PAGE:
A regular commentator on this blog sent me a mail saying this yesterday:
I did know about it, having been warned in advance, and then promptly forgot it. I should not have done. This is about a massive VAT evasion scandal in which many leading banks were involved, not least in London. I recommend reading the article. But then note what my correspondent had to say:
The ease with which such huge frauds could be carried out is staggering, aided to no small extent by
- multiple failures by the banks to perform even rudimentary due diligence on the traders and the sources of the trades,
- the lack of communication by both banks and traders with tax authorities,
- the slow reaction of tax authorities to shut down an obvious threat when it appears that knowledge of carbon credit frauds was widespread across Europe (how long did it take HMRC from first suspicions to get these trades zero-rated?),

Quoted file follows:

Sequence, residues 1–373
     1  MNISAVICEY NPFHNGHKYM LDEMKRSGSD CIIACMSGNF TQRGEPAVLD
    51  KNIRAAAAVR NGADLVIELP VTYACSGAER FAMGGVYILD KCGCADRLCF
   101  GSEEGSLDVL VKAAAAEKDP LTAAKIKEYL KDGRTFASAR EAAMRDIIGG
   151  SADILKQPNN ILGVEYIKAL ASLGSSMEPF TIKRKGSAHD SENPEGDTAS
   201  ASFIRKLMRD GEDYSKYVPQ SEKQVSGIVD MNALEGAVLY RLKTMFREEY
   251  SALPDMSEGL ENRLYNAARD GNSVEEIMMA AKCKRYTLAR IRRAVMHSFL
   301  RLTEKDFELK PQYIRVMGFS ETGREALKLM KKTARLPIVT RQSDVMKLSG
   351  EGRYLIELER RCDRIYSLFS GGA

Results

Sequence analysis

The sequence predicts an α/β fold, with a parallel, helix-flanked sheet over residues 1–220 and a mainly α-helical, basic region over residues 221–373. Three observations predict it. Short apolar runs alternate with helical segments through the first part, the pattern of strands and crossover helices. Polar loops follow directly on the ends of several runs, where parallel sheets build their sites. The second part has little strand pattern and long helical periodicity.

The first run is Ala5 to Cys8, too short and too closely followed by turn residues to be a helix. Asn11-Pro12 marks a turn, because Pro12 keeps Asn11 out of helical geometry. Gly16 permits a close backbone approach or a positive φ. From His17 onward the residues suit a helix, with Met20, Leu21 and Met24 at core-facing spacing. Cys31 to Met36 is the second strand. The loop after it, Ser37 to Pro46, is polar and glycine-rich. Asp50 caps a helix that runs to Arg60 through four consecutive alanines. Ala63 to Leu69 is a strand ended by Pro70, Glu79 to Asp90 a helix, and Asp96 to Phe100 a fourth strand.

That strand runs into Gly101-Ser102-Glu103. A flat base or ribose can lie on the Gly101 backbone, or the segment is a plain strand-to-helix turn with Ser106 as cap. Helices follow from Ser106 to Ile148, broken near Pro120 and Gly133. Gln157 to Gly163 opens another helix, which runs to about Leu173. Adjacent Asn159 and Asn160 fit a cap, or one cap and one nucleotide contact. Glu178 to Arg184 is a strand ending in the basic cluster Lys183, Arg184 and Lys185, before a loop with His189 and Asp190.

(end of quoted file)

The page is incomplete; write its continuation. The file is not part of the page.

- the naivete of all players throughout the scams (did nobody have any suspicions given the simplicity of the scam?).
- The manifest reluctance of UK authorities to prosecute financial crimes and the confidence this gives bankers and the finance industry that personal punishment is unlikely.
Personally I find it inconceivable that nobody seems to have been sufficiently concerned to voice his/her suspicions. Has 'Auditor's Nose' ceased to exist?
The answer is yes, of course. Money made it extinct too long ago. And it needs to be brought back from the dead.